Katia Sindali: First of all, if you are due to work over the Christmas period and you have a young family, try to swap with a colleague. Some doctors don’t celebrate Christmas and don’t mind working over that period. If you still have to work part or all of Christmas, try and prepare as much in advance as possible for the festivities. If your children are old enough, explain that you have to work and arrange for relatives to look after your children. Make sure you make it a special event either before or after with the whole family.
For many people, Christmas is about being in the moment, enjoying the festive season, and switching off from work to spend time with the family.
It is clear that being organized and planning ahead are key ingredients in the recipe for a successful, stress-free Christmas with the family. As we have heard from our two physicians, spending time with patients over the holidays is also rewarding in its own special way.
The balancing act of work and family is part of everyday life for doctors who have children, especially if they work on-call or shifts. But during the holidays, everything is just that little bit more special.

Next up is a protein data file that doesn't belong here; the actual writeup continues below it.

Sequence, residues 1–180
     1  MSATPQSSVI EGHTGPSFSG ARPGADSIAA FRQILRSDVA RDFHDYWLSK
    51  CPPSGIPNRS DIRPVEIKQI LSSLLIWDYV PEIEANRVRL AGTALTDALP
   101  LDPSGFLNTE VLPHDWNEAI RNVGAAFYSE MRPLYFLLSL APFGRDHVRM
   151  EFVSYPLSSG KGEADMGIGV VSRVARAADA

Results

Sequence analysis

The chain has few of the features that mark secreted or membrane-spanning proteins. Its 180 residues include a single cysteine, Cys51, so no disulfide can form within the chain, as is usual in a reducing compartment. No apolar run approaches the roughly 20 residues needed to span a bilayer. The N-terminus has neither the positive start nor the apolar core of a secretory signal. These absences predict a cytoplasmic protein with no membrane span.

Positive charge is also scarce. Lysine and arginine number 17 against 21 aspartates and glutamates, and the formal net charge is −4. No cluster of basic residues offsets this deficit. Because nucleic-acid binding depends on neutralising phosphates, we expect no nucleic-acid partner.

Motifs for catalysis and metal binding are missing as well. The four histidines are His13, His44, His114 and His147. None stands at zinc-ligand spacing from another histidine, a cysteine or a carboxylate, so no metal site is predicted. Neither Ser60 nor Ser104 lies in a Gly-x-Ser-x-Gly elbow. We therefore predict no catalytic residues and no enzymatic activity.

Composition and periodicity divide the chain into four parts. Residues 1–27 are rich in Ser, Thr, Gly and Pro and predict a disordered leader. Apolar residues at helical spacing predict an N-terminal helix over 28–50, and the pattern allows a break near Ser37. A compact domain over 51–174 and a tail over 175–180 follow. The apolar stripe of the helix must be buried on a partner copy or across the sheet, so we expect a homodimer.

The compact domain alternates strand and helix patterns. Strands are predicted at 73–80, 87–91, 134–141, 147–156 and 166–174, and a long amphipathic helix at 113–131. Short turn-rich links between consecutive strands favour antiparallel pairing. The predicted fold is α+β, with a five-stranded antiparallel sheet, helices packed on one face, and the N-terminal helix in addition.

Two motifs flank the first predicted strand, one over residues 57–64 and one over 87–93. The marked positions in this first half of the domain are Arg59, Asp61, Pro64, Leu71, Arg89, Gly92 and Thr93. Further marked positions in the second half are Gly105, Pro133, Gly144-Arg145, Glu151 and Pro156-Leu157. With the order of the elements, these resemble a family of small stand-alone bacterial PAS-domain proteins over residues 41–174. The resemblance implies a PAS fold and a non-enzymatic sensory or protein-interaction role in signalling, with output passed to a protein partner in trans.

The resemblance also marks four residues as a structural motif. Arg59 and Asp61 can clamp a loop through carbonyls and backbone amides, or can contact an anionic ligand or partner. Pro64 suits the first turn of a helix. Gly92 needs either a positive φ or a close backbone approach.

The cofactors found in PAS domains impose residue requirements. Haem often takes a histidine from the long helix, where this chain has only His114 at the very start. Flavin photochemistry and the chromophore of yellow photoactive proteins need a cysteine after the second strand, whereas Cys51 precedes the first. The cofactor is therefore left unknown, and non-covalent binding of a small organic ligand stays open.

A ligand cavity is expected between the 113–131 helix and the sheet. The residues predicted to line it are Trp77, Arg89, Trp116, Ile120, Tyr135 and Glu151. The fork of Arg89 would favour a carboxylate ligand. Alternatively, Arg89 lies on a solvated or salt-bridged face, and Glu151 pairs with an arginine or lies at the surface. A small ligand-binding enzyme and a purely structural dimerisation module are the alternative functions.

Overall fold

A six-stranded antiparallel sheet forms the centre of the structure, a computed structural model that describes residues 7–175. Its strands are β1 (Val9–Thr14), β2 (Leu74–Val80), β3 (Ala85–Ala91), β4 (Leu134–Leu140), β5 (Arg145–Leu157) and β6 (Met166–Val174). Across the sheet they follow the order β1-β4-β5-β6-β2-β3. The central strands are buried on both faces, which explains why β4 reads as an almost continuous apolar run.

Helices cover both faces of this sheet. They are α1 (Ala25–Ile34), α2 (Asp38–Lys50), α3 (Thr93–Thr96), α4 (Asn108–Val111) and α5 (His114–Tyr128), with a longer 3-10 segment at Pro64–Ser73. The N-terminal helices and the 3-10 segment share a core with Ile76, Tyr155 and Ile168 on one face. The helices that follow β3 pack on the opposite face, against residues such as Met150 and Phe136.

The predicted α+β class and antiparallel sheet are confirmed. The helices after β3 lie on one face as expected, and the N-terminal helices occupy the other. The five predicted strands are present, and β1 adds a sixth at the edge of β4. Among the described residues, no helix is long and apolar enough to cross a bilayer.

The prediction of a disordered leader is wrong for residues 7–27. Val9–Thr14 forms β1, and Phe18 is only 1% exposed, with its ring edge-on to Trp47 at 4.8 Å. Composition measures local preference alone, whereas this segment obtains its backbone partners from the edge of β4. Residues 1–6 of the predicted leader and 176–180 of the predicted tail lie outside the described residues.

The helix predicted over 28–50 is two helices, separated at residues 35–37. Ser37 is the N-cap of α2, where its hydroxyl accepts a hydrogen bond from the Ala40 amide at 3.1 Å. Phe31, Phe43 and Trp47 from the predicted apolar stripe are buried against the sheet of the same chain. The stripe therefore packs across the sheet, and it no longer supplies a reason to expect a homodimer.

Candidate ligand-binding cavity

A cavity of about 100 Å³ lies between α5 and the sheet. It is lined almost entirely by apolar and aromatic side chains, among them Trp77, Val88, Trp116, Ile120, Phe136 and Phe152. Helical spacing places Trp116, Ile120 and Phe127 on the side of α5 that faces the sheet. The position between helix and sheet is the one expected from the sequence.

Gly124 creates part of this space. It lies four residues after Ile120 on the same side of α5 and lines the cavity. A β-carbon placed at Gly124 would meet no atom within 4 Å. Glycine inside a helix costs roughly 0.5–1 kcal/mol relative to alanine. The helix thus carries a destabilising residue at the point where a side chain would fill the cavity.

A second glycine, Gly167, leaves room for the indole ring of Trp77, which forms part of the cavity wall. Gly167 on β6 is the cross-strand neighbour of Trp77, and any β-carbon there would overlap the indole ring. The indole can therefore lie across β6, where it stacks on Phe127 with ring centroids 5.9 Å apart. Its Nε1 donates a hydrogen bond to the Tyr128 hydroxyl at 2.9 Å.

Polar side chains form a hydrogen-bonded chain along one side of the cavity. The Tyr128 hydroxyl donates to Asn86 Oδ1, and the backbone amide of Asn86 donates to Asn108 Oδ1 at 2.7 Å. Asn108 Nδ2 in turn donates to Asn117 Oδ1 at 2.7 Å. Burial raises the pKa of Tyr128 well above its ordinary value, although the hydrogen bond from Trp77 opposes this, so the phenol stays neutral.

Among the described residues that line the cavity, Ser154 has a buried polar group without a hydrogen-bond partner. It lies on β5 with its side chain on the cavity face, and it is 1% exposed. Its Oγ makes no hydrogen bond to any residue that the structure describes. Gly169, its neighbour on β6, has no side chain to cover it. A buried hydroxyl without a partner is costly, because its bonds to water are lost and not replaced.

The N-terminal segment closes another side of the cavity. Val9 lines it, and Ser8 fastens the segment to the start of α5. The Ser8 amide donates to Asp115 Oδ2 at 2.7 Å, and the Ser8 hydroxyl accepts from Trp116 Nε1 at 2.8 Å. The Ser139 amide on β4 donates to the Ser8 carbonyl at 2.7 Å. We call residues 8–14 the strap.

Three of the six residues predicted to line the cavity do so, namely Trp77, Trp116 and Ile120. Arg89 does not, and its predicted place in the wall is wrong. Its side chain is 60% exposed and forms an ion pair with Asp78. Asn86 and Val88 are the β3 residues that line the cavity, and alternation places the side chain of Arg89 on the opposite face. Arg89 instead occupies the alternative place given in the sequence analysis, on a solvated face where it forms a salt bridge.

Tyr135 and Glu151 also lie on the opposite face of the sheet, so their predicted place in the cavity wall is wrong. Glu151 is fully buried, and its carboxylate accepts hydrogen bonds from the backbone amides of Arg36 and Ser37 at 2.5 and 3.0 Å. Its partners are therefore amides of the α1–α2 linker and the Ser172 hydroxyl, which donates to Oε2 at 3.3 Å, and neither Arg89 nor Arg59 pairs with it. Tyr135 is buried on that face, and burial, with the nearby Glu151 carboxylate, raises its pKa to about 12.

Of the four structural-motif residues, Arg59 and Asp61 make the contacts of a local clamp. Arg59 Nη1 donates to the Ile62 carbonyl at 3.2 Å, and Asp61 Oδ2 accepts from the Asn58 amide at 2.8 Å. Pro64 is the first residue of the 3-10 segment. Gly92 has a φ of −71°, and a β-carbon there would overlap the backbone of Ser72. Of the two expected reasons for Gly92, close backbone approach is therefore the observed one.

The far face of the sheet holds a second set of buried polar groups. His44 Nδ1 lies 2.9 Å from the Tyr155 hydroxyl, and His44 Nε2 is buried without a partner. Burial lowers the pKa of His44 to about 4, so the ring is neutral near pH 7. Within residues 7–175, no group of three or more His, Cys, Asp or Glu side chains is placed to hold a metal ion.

If you’re finding the juggle between work and family life challenging over the festive season, the American Psychological Association provide some tips that might help to ease the strain:
- Utilize social connections: accept help and support from friends and family over the holidays, whether it be the offer of childcare or help picking up gifts. This can really help alleviate stress
- Set realistic expectations: pinpoint the most important holiday tasks, prioritize them, and take small steps to achieve them; less important tasks can wait. Being realistic about what you can achieve is important
- Keep healthy: ensuring that you eat right, exercise, and sleep well means that you will be better prepared – physically and mentally – should a stressful situation arise. Don’t let your own health take a back seat over the holidays
- Talk to your loved ones about holiday plans and traditions: being a working mom over the holidays can make it hard to follow conventional traditions, but why not set new ones? Communicating with family and friends about your plans can help to ensure that you have the best possible Christmas.
Thank you to Suzanne Falck and Katia Sindali for sharing their experiences.
Happy Holidays from Medical News Today!